The Roman Catholic Diocese of Sault Ste. Marie knew Father Jean-Claude Etienne of Warren was abusing altar boys as far back as 1970, a lawyer for two sexual abuse victims said Thursday.
Robert Berube, 53, and a second man known as Claude, recently reached a settlement with the diocese for an undisclosed amount. Berube launched a $3.1-million lawsuit three years ago, followed in 2007 by Claude, who sued for $4.5 million, based on alleged abuse they endured 30 years ago.
The "most dramatic of all the information" discovered was a letter from then-Bishop Alexander Carter warning Etienne to stay away from a number of boys at St. Thomas Apotre Parish, said lawyer Rob Talach at a press conference Thursday.
Talach, with Ledroit Beckett Litigation Lawyers, of London, said Carter sent the letter in July 1970, responding to complaints by parents and listing a number of local boys by name.
Berube told reporters Etienne abused him for three-and-a-half years, starting in 1969 when he was 13. His claim listed a dozen particulars of the alleged abuse, including fondling, oral sex, sodomy, striking, punching, throwing and assault.
The claim alleged Etienne "engaged in a pattern of behaviour that was intended to make the plaintiff feel that his soul was in jeopardy."
Claude, who asked his last name not be published because he hasn't told some family members his story, said Etienne also abused him for about three years, beginning when he was 10.
Talach expects more victims to come forward with the publicity of these two cases. He said the diocese should be held even more accountable for crimes committed after 1970, when it was clear leaders knew what was happening.
As Etienne's employer, Talach argues, the diocese was legally responsible for his actions.
Bishop Jean-Louis Plouffe, head of the diocese, said an apology has been issued "to the individuals concerned."
But a public apology won't be forthcoming from the diocese, nor will money be contributed to a program to help men suffering post-traumatic stress disorder as a result of abuse by priests.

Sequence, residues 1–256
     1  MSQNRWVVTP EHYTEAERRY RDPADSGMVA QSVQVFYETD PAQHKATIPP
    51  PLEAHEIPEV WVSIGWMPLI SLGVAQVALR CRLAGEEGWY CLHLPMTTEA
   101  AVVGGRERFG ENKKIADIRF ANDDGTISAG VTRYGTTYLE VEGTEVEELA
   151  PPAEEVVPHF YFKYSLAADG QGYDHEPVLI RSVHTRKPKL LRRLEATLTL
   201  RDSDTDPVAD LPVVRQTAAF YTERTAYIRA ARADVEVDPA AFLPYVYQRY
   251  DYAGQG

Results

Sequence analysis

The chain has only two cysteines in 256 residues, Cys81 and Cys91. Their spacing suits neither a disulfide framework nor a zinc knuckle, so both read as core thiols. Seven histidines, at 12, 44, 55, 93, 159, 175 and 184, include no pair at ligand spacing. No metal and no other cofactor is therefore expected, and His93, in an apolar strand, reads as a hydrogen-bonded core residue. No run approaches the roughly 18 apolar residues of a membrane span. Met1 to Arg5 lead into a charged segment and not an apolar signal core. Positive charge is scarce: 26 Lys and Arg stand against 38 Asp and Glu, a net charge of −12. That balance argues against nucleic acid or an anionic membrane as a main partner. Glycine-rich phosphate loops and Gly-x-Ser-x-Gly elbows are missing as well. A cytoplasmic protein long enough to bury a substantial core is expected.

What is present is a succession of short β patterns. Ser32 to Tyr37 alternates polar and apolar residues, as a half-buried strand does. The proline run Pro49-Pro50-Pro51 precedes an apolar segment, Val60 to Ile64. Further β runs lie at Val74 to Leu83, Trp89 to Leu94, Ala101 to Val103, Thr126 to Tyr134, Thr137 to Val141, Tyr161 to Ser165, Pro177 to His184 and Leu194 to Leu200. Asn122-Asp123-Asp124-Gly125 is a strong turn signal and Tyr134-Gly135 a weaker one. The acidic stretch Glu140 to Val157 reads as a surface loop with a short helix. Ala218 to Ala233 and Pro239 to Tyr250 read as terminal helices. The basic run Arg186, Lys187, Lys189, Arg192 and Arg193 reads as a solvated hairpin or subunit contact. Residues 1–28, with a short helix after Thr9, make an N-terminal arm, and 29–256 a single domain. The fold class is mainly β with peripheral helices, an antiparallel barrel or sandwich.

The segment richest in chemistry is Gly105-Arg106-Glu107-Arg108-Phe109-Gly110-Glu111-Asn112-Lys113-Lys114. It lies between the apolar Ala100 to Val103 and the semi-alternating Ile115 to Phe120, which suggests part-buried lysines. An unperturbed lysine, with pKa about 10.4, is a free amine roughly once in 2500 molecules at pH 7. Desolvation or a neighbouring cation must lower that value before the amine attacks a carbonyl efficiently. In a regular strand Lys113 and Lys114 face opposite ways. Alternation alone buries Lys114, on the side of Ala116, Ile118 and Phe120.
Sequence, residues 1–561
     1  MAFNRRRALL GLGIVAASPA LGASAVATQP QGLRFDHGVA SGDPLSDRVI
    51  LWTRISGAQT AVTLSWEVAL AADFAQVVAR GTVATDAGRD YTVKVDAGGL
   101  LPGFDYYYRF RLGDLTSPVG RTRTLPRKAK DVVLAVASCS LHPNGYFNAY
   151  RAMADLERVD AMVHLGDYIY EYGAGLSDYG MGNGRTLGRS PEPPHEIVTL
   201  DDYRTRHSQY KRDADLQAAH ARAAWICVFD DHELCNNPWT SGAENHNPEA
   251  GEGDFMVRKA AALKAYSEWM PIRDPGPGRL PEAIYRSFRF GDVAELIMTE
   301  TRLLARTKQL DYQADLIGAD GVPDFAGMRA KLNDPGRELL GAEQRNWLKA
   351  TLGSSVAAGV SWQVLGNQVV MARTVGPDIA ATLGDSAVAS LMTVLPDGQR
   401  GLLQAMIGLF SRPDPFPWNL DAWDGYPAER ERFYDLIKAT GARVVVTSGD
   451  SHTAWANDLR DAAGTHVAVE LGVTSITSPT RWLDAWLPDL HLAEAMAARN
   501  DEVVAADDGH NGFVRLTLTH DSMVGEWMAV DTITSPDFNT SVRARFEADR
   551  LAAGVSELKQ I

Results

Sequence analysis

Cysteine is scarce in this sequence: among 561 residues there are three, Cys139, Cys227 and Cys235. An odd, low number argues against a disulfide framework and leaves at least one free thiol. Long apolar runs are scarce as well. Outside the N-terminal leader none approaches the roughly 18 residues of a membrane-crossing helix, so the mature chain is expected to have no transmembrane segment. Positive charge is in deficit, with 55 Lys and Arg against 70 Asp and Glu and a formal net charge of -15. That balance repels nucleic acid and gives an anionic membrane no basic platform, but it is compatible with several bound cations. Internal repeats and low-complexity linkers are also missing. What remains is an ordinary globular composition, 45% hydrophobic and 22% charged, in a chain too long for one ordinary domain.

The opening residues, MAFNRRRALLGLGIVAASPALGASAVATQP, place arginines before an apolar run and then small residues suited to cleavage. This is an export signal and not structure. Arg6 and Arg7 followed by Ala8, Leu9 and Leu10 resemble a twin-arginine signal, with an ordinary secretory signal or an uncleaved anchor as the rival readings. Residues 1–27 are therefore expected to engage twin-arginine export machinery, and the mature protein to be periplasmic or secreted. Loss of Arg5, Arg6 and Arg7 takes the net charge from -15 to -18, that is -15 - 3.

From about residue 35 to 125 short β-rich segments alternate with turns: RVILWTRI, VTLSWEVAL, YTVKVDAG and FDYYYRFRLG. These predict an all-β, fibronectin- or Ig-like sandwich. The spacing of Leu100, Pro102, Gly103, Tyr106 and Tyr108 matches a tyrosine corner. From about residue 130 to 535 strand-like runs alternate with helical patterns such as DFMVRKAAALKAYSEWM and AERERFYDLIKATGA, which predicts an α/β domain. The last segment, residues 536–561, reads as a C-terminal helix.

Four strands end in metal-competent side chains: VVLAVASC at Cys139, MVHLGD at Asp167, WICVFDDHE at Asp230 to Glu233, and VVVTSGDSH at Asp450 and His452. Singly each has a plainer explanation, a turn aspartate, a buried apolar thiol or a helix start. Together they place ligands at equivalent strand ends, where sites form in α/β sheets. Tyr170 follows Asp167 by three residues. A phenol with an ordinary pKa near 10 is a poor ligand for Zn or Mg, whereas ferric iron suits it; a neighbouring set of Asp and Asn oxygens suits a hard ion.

"A public apology has not been the practice of the church,'' said Plouffe.
Berube and Claude are challenging the diocese to establish a program to help male sexual abuse survivors and to fund it.
A similar program in London, Ont., is heavily funded by the Roman Catholic diocese, said Berube.
Plouffe said his diocese simply doesn't have the money to get involved in such a program at this time.
He said some "worthwhile" pastoral services may have to be "restricted" or "restrained" and other expenses cut to cover the cost of legal settlements.
Talach's law firm specializes in litigation concerning clergy sexual abuse and has been part of several high profile court cases in Cornwall and London.
He currently has six outstanding cases in this diocese, including a Sault Ste. Marie man who claims he was repeatedly assaulted by a city priest in 1965. Jim Lanigan alleges he was 15 when Rev. Roy McParland sexually abused him, including anal and oral sex.
None of the allegations have been proven in court.
McParland, 77, is the only one still alive of four area priests Talach's clients are suing. McParland founded St. Gerard Majella Parish before moving on to Our Lady of Good Counsel, where he stayed for two decades until he retired in 2004.
Talach said he is trying to schedule an "examination for discovery," which involves question and answer sessions with all parties involved.
"There are wonderful, holy men who serve in the priesthood," said Talach. "There are also some monsters operating in the cloth."
He said the Diocese of Sault Ste. Marie is beginning to deal with these allegations instead of sweeping incidents under the rug, but Bishop Jean-Louis Plouffe still needs to be more proactive.
Some larger dioceses, like London, now automatically fund counselling for victims who come to them with credible claims of abuse.
Bishop Plouffe was not available for comment Thursday.
Talach said the Catholic Church has to start looking at clergy sexual abuse as a systemic problem instead of just "a number of rogue, bad priests."
"Why do so many of these characters end up in the priesthood and are allowed to do what they do for so long?"
Article ID# 1251982